Portable hydrogen fuel cell generator
Camden and Croydon Council have joint ownership of a 5kW portable hydrogen fuel cell generator, funded by Transport of London.
The project is being carried out in partnership with the London Hydrogen Partnership, the Vehicle and Operating Services Agency (VOSA) and Air Products Ltd.
The portable fuel cell generator will be used for the following applications:
- to power roadside vehicle emissions testing equipment operated by VOSA and Camden’s air quality team
- to power lighting and sound equipment at Council events like our Green Fair and Car Free Day
- as temporary back up power source at our transport depot
The fuel cell generator is housed in a trailer which can be towed by a vehicle, making the system portable. The trailer will be transported around the borough by Camden’s Modec electric van. All our staff who operate the fuel cell have received training regarding the handling and storage hydrogen by Logan Energy, the company who maintain our fuel cell.
We are keen for other local authorities and organisations to use our portable fuel cell generator for temporary power at their events. For further information please contact the Air Quality Policy Officer
How does the fuel cell work?
The generator works using a Proton Exchange Membrane (PEM) fuel cell, manufactured by Plug Power. This type of fuel cell is ideal for transportation applications. The fuel cell generator is fuelled directly by compressed hydrogen gas stored onboard the trailer. The fuel cell generator converts chemical energy into electricity using hydrogen and oxygen from air. A fuel cell essentially works like a battery.
- When a hydrogen atom (from the fuel source) contacts the negative anode catalyst layer, it splits into a proton and an electron
- The proton passes straight through the central electrolyte layer, while the electron produces electricity as it passes through an external circuit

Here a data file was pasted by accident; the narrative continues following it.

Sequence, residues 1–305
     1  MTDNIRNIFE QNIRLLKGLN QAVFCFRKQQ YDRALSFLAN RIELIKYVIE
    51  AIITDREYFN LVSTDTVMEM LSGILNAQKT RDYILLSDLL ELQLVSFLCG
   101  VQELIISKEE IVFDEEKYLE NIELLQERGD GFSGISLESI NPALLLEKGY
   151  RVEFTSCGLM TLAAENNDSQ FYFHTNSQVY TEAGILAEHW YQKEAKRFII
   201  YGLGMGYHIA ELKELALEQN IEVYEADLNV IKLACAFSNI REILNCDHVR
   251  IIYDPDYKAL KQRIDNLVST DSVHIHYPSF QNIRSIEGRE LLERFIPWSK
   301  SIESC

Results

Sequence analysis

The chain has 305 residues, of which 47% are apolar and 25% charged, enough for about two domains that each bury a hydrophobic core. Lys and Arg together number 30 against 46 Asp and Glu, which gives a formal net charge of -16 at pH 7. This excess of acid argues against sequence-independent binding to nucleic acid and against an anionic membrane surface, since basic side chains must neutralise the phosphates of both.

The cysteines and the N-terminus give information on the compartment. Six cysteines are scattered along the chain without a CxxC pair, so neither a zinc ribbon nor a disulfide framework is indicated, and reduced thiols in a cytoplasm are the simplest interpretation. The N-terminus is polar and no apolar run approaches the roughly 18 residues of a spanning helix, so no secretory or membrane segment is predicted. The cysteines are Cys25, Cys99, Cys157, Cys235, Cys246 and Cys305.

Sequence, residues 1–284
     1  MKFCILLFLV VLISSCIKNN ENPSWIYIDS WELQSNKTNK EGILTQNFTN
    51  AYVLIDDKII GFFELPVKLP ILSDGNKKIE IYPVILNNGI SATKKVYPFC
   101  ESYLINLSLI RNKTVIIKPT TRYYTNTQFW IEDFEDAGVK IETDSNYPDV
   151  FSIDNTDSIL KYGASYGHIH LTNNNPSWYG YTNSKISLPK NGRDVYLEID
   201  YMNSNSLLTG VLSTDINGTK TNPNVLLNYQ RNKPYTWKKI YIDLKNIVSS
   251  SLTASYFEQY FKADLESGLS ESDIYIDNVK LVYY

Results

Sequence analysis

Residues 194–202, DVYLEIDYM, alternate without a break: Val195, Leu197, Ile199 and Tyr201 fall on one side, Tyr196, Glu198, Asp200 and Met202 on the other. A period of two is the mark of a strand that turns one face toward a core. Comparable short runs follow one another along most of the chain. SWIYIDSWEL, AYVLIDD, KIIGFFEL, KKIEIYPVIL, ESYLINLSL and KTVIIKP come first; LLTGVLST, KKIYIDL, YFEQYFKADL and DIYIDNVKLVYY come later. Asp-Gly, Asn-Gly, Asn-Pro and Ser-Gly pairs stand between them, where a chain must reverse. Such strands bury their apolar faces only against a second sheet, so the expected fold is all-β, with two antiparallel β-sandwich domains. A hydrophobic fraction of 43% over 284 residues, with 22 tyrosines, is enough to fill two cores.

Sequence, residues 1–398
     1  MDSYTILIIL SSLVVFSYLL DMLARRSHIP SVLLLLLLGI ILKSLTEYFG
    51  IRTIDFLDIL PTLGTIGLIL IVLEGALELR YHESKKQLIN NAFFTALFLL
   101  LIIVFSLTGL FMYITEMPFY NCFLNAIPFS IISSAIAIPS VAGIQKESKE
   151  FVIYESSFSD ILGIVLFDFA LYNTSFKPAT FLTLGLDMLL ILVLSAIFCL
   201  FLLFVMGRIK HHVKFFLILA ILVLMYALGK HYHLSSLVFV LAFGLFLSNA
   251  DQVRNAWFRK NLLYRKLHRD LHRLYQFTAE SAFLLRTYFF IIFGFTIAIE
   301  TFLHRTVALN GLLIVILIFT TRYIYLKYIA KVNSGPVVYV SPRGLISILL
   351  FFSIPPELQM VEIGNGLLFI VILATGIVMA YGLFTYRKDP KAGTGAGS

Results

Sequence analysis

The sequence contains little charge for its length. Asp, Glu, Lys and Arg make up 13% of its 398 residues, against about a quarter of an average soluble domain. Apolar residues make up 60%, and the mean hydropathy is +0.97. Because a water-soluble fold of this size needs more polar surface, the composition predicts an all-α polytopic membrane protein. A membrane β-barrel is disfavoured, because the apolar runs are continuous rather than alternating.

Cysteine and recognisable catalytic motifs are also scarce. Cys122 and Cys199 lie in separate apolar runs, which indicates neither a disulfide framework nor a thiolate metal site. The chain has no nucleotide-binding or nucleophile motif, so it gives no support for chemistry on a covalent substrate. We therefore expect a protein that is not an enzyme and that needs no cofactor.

- The circuit returns the electrons to the positive side of the electrolyte layer, where they bond again with the protons and join with an oxygen molecule, creating water in the positive cathode catalyst layer
Why use hydrogen fuel cells?
Conventional generators are powered by diesel combustion producing air pollution and noise. Fuel cell generators are electro-chemical devices that produce zero emissions and the only waste product is water. These appliances also generate no noise when operating.
Adopting non-fossil fuel based power sources is an important route to reducing CO2 emissions, and harmful air pollution which contributes to poor air quality. Fuel cells are very efficiency devices which brings about benefits in terms of energy savings and emissions reductions.
How is hydrogen produced?
The two most common methods of producing hydrogen are steam reformation or electrolysis (splitting water). Hydrogen can be produced for a variety of carbon based products including methanol and biogas. An important step in the future will be to produce hydrogen using renewable energy sources.
Hydrogen fuel cells can be used in a variety of transport applications including cars, buses and bicycles. Hydrogen fuel cell buses where introduced on the streets of London as part of a two-year European-wide trial of the technology in 2005. The Mayor is considering introducing additional fuel-cell buses.
Other countries such as the United States, Germany, Japan and Iceland are working towards a 'hydrogen economy', and all major vehicle manufacturers now have hydrogen-powered vehicles in development.
Fuel cells are also used for stationary and temporary power sources. One of the most beneficial uses of fuel cells, in terms of carbon savings and reducing air pollution emissions, is with Combined Heat and Power Plant (CHP).
Page last updated Oct 28, 2008 12:26 PM
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